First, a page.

Iran just last week reiterated that its objective is to “kill all Jews.”   And to “wipe Israel off the map.”  Andto kill all Americans.”  Last week.  That means most of YOU!  And every blinking day Iran puts its money where its mouth is — in support of Bashar al-Assad in Syria (all of our Gulf state allies oppose him).  Iran supports and funds Hamas, Hezbollah, the Palestinian Islamic Jihad, and factions of al-Qaeda.  It collaborates with North Korea on developing their weapons-grade nuclear weapons.  And on.  And on.  And yet, Iran is now our BFF.  And we trust them to be good.  And we are striking a deal that allows Iran to keep thousands of nuclear centrifuges.  And a sunset clause that then allows Iran to “wipe Israel off the map.”   

 America – and the world – seem to be unspooling.  Quickly.  As Henry Kissinger wryly observed a few weeks ago at a D.C. conference “[in the last six years] . . . the world has lost stability.”  In the past when evil reared its head, America would lead.  Impose harsh sanctions, seize bank accounts and lock arms with our allies.  And the stern face of unanimity would turn against the aggressor.  But today, we go hat in hand to the negotiating table.  Pleading.  And turning our back to our best friend in the region (Israel).   We work with Russia and China (I mean really?) to chip away at prior demands for compliance.  And all the while, our allies in the Middle East are circling the wagons against America.  What can possibly go wrong . . . . ?  

Swinging Blue Jeans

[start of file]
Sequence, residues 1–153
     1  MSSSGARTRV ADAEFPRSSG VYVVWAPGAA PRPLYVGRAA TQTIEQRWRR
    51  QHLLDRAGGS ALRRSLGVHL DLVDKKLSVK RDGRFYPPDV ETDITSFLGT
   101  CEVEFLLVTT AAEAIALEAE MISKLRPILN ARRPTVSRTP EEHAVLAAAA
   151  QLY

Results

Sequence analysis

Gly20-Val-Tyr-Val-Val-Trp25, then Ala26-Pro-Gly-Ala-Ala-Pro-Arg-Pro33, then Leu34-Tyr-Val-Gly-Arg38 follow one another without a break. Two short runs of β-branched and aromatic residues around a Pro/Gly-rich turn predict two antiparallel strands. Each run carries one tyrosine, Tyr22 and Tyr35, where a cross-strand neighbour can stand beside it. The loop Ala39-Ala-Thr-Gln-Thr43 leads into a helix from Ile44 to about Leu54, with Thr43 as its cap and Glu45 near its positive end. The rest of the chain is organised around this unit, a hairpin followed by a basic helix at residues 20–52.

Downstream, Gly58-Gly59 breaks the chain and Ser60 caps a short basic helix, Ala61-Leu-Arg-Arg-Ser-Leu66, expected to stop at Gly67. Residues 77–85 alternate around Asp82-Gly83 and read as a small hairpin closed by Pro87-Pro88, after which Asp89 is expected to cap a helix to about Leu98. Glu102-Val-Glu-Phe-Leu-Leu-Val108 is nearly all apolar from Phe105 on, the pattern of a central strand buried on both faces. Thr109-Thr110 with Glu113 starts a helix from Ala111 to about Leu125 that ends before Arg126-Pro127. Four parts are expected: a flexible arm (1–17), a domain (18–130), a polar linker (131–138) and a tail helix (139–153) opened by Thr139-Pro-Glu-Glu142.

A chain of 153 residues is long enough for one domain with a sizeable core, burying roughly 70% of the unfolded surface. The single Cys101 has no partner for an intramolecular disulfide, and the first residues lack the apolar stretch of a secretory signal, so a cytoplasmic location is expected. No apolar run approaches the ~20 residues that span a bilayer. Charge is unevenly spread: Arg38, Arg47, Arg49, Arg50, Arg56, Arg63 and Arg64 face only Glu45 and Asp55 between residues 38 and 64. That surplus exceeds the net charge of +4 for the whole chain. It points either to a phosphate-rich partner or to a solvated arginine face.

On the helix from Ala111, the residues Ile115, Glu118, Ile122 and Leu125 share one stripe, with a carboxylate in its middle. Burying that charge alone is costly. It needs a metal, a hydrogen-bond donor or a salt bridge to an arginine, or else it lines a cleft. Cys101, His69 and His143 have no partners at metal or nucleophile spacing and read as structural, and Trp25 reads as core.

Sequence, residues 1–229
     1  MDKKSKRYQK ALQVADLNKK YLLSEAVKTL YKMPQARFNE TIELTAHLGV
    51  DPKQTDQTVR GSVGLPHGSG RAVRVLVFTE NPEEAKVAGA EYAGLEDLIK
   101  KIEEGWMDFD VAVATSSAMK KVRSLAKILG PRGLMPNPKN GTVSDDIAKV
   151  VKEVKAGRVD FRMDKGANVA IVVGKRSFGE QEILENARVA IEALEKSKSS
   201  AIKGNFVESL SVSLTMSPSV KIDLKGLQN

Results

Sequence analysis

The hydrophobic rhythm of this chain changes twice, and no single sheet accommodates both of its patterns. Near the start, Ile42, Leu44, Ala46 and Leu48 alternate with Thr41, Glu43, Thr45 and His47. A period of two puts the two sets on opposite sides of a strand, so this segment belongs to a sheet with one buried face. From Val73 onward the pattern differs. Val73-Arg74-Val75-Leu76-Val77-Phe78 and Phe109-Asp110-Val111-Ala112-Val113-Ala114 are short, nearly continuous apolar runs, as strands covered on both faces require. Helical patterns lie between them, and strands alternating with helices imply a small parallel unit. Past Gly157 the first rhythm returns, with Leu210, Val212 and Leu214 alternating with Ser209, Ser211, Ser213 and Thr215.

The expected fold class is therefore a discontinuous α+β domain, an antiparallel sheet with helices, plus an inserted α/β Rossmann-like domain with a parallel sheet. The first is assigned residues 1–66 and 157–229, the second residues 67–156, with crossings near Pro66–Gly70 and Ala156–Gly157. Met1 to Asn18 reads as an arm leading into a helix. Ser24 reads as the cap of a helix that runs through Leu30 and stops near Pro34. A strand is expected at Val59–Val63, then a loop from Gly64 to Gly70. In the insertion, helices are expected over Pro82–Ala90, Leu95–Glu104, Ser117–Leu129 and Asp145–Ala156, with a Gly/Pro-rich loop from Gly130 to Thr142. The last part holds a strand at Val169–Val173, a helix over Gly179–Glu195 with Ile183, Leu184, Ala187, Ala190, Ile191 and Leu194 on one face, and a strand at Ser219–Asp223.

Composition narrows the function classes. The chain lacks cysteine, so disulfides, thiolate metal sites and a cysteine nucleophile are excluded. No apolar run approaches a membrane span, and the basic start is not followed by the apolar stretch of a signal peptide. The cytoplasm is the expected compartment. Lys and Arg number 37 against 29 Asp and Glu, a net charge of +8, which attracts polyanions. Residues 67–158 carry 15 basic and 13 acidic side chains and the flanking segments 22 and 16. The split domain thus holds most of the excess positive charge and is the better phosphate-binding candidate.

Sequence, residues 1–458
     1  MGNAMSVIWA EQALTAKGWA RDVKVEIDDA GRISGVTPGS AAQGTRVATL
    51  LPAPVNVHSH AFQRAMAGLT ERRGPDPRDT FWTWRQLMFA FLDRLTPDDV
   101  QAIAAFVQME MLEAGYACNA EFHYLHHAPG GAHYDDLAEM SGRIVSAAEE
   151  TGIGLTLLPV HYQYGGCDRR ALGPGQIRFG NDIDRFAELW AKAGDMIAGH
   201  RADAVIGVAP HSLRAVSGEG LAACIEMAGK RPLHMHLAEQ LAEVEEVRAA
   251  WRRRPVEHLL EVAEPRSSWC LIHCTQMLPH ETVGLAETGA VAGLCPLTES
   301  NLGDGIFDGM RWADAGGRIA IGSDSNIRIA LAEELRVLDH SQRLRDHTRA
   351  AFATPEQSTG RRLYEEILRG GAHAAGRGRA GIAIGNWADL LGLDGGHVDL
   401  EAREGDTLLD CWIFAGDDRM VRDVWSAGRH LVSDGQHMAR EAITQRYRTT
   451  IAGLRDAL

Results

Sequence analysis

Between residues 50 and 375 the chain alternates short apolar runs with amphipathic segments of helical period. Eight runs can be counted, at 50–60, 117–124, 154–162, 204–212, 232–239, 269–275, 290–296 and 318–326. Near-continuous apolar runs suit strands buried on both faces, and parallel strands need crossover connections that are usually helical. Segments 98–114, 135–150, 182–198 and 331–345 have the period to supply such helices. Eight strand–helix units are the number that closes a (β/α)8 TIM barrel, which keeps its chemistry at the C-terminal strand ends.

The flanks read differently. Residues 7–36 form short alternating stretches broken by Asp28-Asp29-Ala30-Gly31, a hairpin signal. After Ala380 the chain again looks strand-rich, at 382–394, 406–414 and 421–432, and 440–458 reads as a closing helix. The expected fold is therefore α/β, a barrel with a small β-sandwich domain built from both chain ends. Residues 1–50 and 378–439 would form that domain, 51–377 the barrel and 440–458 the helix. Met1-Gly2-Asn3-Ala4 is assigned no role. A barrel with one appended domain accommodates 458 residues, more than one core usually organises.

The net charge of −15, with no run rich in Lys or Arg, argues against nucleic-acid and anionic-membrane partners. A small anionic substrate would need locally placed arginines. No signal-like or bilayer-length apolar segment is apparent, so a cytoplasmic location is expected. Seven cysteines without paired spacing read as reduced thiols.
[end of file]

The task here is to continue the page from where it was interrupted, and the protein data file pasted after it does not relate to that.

In 1963, a 4 piece British Merseybeat band poked its head out of the Rock N’ Roll waters with “The Hippy Hippy Shake” (see ).  The group was called The Swinging Blue Jeans.  In 1966, the band went into decline.  And yet — the band – is still breathing.  Performing occasional gigs.  Interestingly, the Beatles in their ascent also did the “Hippy Hippy Shake” in September 1963 (see   

Donna’s hip replacement surgery went incredibly well — so well that while she is not – yet – doing the Hippy Hippy Shake, she is walking around sans cane – with little discomfort.  It’s amazing what hip replacement surgery can do.  It’s kinda “hip.”  I understand orthopedic surgeons put on the Swinging Blue Jeans when doing surgery.  They do a conga line around the operating table.  They’re also fond of “Hips Don’t Lie” (Shakira).  And it’s “Hip to be Square” (Huey Lewis and the News).  There’s even “Moviendo la Cadera en Tribal” [“Moving the Tribal Hip“] by Tommy y Los Compas.”  For some patients, they play Al Stewart’s “Hippo Song.”  Donna was not one.  I don’t think . . . . .